Mr. Speaker, I would like to rise today to say a few words with respect to the amendment that has been put forward.
The amendment that has been put forward is merely in my view making explicit what was implicit before. The section as it was contained with respect to conditional sentencing stated that conditional sentencing was only allowed where the sentence imposed was less than two years. For those crimes that are more than two years in duration conditional sentencing would not be allowed for such crimes.
In addition it said that conditional sentencing could only be put forward when the judge was satisfied that serving the sentence in the community would not endanger the safety of the community.
In addition to this the conditions of the principles of sentencing contained in section 718 and 718.2 would also apply to this. What the amendment is doing is making that explicit so that when cases are brought before the judiciary it is right there, that the principles of sentencing apply.
It would be very instructive to read the principles of sentencing that would apply to the application of the conditional sentence. Section 718 states:
The fundamental purpose of sentencing is to contribute, along with crime prevention initiatives, to respect for the law and the maintenance of a just, peaceful and safe society by imposing just sanctions that have one or more of the following objectives:
(a) to denounce unlawful conduct;
(b) to deter the offender and other persons from committing offences;
(c) to separate offenders from society, where necessary;
(d) to assist in rehabilitating offenders;
(e) to provide reparations for harm done to victims or the community;
(f) to promote a sense of responsibility in offenders, and acknowledgement of the harm done to victims and communities.
These are the principles that apply to a conditional sentence. While it was implicit before it is explicit now that these principles apply to conditional sentencing. Conditional sentences ought only to be put forward in appropriate cases.
The provincial governments and the federal government worked together to develop a bill that would better ensure the safety of citizens in our society. They wished to ensure that people who posed a risk to the community would not be allowed to be released from prison to offend again.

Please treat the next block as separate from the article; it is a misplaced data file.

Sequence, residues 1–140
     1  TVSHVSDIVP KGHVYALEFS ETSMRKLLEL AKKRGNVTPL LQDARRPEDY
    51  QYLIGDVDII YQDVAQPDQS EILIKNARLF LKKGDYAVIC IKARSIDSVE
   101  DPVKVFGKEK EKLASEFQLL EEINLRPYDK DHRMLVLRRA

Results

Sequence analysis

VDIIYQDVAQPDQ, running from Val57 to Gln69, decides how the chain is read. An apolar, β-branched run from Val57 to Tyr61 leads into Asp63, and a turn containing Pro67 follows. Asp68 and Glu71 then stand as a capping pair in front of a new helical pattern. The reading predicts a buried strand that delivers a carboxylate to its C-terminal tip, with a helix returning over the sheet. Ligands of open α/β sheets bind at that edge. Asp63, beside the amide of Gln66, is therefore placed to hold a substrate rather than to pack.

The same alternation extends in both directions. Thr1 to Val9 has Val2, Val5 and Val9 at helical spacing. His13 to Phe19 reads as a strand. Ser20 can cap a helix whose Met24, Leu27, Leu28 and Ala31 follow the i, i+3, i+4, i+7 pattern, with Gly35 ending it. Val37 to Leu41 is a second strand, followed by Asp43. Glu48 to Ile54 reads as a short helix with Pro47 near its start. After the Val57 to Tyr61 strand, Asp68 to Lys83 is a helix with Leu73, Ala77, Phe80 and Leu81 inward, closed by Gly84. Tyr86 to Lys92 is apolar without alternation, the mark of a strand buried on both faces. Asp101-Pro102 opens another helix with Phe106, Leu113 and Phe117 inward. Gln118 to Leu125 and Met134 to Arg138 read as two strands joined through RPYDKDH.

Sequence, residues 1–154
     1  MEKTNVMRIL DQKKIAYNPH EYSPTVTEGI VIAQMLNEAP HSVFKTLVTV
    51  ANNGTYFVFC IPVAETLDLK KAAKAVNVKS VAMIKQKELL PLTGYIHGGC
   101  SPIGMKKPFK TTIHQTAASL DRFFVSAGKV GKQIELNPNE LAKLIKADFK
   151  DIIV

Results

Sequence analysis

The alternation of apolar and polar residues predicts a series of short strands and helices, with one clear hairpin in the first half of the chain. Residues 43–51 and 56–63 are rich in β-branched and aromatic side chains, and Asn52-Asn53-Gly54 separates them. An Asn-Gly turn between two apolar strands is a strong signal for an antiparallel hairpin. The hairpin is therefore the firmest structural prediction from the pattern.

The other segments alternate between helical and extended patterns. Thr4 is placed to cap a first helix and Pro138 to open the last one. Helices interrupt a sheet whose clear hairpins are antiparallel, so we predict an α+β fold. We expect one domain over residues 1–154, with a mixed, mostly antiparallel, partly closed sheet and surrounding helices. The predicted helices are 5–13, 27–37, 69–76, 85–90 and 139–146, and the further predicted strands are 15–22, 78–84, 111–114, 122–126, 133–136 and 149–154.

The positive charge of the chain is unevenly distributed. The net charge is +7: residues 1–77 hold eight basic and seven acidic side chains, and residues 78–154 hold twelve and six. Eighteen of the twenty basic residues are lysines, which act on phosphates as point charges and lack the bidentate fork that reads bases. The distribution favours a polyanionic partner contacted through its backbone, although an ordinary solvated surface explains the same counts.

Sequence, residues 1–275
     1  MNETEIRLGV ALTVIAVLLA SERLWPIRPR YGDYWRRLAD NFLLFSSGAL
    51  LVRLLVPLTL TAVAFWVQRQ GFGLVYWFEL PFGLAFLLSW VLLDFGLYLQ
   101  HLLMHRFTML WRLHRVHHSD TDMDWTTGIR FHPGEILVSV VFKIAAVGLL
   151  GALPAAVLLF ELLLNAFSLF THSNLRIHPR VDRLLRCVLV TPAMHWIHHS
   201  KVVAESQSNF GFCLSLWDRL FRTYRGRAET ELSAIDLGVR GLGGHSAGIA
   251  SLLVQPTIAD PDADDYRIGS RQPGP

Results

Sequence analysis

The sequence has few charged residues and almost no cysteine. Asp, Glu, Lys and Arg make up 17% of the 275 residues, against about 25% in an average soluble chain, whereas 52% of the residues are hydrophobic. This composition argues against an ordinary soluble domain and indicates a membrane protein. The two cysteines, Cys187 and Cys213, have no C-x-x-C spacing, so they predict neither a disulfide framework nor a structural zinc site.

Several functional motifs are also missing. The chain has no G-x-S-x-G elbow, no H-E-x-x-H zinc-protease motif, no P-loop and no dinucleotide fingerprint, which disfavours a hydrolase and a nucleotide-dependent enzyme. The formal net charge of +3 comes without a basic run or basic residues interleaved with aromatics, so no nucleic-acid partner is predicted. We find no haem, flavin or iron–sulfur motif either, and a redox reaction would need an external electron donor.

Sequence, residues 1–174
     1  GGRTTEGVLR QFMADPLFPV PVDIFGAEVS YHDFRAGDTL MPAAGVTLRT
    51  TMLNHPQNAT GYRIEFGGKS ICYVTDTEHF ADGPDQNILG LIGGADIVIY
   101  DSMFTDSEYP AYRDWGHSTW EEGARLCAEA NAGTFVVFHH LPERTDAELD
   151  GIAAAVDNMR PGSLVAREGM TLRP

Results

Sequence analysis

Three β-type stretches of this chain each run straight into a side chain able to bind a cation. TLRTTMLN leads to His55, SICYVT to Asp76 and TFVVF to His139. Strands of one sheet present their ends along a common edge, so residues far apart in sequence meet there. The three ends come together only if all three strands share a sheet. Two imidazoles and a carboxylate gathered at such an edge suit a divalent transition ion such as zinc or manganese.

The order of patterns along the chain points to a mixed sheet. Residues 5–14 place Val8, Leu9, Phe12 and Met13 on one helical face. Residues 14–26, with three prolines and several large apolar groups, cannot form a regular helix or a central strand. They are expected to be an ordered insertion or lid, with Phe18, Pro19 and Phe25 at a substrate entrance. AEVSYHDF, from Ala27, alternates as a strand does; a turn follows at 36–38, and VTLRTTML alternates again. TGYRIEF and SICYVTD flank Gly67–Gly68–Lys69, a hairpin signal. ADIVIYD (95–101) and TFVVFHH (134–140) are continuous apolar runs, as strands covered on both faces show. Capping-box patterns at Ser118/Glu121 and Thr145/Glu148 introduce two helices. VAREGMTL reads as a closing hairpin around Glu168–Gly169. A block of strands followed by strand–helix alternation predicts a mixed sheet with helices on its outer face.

Those who did not pose a risk to society would be free to serve their sentence in the community subject to appropriate conditions. If those conditions were breached they would then serve the rest of their sentence in a correctional facility.
I think it is very important to recognize that this is a clarification of the code to ensure that conditional sentences are only applied in those circumstances where there is no danger to society and where the principles of sentencing, of deterrents of denunciation of the crime are appropriately applied.
The reason for this is due to the experience of many in the justice system prior to these amendments. There were many cases where people who had committed crimes did go to jail. However, because of the overcrowding of the facilities and because many people who were there were not a risk to society, the people who were a risk to society would be released into the community after serving a very short time in prison.
Therefore the federal and provincial governments working together developed this solution which will better ensure that those who are a risk to society will be kept in prison longer and for an appropriate length of time. Those who do not pose a risk to society will be able to serve their sentence within the community.
It is as a result of these amendments that as we move into the future this clarification that we have brought forward today will ensure that conditional sentencing is only applied in appropriate cases.